Some parents enroll their children with disabilities in a charter school instead of a traditional public school because they believe that the charter school will provide a better special educaiton education for them. Is this true? Well, like most things it depends upon the charter school that a parent chooses for their child. Some charter schools have a good reputation for serving children with disabilities and others do not. How will you know whether the charter school you choose is better for your child than the public school?
You should balance the positive and negative aspects of the public school your child is attending with the positive and negative aspects of the charter school that you propose to enroll your child. There is no perfect school for a child with a disability. There is no perfect school that will ensure your child always makes educational progress. There is no perfect school that will ensure that your child’s teachers will always keep and maintain open lines of communication and keep you updated with all of your child’s instruction and progress in class. Every school has its own issues to address. But a parent may be totally frustrated with the public school that his or her child is attending so what is the option? Charter school? Private school? Homeschooling? These are options that a parent must weigh in deciding to remove their child from public school. A charter school provides special education at no cost to your child because it must comply with all federal laws such as the IDEA in educating your child. A private school does not. And homeschooling significantly diminshes a child’s access to only related services such as speech and language therapy, occupational therapy, and physical therapy from the public school system.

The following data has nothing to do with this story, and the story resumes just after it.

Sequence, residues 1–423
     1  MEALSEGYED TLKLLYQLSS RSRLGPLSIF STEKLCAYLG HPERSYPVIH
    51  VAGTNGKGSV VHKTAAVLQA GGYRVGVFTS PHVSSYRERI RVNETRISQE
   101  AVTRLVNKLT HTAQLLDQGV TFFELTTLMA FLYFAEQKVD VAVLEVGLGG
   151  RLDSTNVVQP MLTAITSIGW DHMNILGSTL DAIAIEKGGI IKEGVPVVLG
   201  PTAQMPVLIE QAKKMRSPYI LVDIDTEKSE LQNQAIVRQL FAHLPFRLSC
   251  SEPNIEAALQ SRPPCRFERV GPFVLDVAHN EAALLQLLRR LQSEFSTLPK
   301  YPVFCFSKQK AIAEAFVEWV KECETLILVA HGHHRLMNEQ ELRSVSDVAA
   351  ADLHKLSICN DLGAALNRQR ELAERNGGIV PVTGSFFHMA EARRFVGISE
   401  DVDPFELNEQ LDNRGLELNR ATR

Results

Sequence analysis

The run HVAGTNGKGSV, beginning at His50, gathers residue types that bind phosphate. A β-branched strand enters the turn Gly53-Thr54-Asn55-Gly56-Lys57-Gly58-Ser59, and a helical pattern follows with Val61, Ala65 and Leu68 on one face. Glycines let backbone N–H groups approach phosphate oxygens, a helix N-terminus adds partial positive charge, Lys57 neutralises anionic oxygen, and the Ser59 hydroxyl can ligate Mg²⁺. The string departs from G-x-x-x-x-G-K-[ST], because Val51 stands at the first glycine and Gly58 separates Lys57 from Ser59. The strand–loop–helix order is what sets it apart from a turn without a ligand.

If you are seriously considering a charter school, then visit the school first and ask lots of questions. These questions would focus on: (1) what are the qualifications of the teachers; (2) what is the educational methodology that is usually used for a child with autism or specific learning disability, for example? (3) does the charter school contract for related services or does the school provide in-house related services? (4) what are the continuum of educational placements at the school for my child? (5) whether there have been State complaints, OCR complaints or other complaints by parents against the charter school in the past, and if so, then what was the outcome? (6) the general reputation of the charter school in the community; (7) the financial stability and funding of the charter school; and (7) the quality of administrastors at the school. These are just a few of the questions that you should ask before enrolling your child into a charter school. Whether the charter school is complying the with IDEA can be detemined by obtaining monitorin reports from the State Department of Education.